Kate Okikiolu (born 1965)

British-born educator and researcher Kate Okikiolu was the first Black woman to be awarded a Sloan Research Fellowship. She also is the first black woman to be published in the distinguished Princeton journal the Annals of Mathematics.

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Scholarships for Women in Math

Women who wish to pursue mathematics as a field of study have many options to help pay for classes, including scholarships, grants, fellowships, and paid internships. Each of these types of financial assistance — including many scholarship programs specifically for women — are available in a number of categories for undergraduate, graduate, doctoral, postdoctoral, and academic tracks.

Various math societies, such as the American Mathematical Society, as well as corporations, the federal government, state and local government agencies, minority support groups, the U.S. military, universities, academic associations, research companies, and other groups offer assistance for qualified individuals.

While most monetary awards are open to all students, regardless of gender, some are specifically created to encourage women to pursue careers in math. Here are a few examples of scholarships intended specifically for women in mathematics:

  • American Association of University Women fellowships. AAUW offers American fellowships, career development grants, community development grants, and international fellowships to qualified women in various fields. The organization offers research publication grants in engineering, medicine, and science in the amounts of $10,000-$35,000.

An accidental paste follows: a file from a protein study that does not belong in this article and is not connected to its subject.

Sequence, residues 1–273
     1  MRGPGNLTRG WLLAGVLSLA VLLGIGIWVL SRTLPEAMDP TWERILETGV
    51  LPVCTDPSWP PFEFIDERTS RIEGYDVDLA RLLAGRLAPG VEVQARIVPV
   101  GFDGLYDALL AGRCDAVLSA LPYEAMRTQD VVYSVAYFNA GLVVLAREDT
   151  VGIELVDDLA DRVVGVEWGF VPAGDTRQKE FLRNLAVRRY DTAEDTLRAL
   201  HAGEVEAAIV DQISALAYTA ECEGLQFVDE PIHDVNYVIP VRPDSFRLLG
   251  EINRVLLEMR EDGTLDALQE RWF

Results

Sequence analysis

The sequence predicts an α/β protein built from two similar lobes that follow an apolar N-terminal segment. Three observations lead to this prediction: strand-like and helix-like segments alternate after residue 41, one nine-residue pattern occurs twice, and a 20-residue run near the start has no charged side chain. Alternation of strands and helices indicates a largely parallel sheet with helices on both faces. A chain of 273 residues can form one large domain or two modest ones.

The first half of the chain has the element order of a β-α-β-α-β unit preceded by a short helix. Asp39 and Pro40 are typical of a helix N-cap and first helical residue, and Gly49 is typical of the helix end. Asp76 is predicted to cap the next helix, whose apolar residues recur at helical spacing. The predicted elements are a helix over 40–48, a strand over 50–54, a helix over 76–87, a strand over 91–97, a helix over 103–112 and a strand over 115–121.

• Association for Women in Mathematics prizes. The AWM offers undergraduate and graduate students a number of prizes based on academic achievement in research, dissertation presentation, and more.
  • Joan and Joseph Birman Fellowship for Women Scholars. The Joan and Joseph Birman Fellowship for Women Scholars, a $50,000 award, was created by the Birmans to encourage midcareer women researchers in their work.L’Oreal USA for Women in Science fellowship. French cosmetics company L’Oreal, working with the American Association for the Advancement of Science, awards $60,000 annually to five postdoctoral scientists who are involved in the science, technology, engineering, and math (STEM) fields.